Six months before her death, Bella had been at my house, eating thin-crust pizza, laughing with her big sister Melina – a dear friend – and making faces at my seven-month-old. Idle No More was rocking the country, and Bella was energized. She talked excitedly about making T-shirts for the movement. She was studying fashion at Humber College.

Her plan was to become a designer, combining traditional Cree artwork with her own modern flair. She graduated soon after, her dreams, as her family puts it, “within arm’s reach.” She danced at powwows and beaded; she went to clubs and Instagrammed. She was part of an indigenous cultural resurgence, a moment of awakening.

We held a memorial for Bella at the windy base of the building where she fell, one week after her death. A group of about 40 of us joined in a circle. We put up pictures of Bella on a concrete wall. Confident yet vulnerable, glowing from within. We clutched red roses, white candles and little bags of tobacco.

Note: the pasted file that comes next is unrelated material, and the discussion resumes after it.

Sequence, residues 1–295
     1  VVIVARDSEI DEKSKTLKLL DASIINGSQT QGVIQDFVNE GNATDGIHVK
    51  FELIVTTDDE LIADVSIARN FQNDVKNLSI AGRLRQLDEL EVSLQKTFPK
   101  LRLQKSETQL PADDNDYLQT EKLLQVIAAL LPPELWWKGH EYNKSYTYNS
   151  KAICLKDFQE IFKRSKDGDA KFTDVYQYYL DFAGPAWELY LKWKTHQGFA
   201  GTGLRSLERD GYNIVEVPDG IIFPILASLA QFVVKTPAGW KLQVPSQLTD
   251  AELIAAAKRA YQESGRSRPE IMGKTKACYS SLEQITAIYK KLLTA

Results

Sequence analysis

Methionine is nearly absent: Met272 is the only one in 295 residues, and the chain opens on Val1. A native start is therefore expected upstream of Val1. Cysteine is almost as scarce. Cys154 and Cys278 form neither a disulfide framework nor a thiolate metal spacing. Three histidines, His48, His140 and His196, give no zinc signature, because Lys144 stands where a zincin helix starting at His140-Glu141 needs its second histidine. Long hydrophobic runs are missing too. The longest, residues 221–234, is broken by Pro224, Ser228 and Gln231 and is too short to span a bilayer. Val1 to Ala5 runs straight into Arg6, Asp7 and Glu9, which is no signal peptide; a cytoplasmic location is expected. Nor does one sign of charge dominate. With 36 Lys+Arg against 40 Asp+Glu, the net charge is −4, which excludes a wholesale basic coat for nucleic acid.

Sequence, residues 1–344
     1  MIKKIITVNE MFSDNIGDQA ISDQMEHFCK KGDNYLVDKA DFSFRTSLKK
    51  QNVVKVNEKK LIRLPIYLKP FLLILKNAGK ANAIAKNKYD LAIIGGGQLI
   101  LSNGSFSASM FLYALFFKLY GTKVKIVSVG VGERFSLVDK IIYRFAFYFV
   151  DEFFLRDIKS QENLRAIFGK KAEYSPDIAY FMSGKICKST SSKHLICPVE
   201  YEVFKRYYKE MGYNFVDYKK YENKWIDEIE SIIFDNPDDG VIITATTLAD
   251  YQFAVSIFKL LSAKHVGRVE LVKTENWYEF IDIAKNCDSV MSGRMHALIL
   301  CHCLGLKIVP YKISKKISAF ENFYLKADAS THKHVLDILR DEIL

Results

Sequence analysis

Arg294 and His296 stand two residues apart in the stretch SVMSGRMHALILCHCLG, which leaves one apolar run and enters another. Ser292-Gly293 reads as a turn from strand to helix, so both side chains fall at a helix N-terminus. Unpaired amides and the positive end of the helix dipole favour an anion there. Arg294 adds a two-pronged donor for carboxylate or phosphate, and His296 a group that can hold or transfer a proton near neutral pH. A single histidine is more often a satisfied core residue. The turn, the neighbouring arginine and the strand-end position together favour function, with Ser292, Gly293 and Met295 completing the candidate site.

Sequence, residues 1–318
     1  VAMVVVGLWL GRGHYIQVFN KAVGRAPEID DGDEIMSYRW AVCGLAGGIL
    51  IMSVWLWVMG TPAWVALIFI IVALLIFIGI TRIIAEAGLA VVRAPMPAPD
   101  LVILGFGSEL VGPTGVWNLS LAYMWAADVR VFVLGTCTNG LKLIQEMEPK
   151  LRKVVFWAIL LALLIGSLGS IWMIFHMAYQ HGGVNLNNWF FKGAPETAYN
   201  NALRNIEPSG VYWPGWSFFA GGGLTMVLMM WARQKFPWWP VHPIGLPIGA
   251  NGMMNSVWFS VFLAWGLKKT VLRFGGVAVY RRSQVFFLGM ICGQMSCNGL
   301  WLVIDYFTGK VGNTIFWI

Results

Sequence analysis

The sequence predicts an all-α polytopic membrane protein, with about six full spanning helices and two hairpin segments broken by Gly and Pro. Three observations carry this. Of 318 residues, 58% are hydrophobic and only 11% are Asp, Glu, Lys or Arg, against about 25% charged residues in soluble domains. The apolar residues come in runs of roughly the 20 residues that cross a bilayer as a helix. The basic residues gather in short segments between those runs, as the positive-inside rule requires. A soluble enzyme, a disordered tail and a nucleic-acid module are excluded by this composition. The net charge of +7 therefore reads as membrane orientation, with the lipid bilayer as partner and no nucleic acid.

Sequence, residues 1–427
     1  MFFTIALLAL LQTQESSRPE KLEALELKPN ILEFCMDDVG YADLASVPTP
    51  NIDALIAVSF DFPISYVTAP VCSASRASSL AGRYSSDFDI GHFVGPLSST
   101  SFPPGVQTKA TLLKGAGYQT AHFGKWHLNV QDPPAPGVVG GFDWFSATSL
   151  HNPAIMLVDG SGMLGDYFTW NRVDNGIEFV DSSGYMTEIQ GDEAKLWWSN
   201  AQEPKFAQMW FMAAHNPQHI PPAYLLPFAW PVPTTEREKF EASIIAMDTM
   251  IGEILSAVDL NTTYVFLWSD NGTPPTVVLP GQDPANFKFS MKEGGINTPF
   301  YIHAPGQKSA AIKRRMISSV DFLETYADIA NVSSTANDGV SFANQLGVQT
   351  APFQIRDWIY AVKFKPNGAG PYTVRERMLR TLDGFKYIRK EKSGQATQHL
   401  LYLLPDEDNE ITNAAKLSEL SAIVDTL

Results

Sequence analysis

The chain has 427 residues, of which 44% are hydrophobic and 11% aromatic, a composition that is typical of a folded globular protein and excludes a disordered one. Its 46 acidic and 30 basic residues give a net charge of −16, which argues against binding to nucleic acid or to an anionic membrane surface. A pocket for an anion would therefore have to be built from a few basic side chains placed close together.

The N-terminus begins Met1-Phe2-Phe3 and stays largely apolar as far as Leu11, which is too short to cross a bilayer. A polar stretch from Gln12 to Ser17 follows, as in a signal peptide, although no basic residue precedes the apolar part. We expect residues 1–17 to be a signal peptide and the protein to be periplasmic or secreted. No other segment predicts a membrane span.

Bella’s body had just been returned to her family in Peace River. They were, at that moment, beginning the process of laying her to rest. But according to Cree custom, there still needed to be a “spirit release” ceremony at the place where she died, to free Bella to continue her journey. So there we were, two distant points on Turtle Island, connected invisibly by Bella, and the sounds of drums, the smell of sage.

It was Mi’kmaq grandmother Wanda Whitebird who led the ceremonies, with help from other community members. All had performed too many such rituals before. Wanda smiled warmly at Bella’s impossibly young and fresh-faced college friends. She explained that we should all take our bags of tobacco home and sprinkle their contents somewhere they would feed the life cycle – a garden, a body of water, a potted plant.

“Not here, though,” she said, “nothing grows in this place.”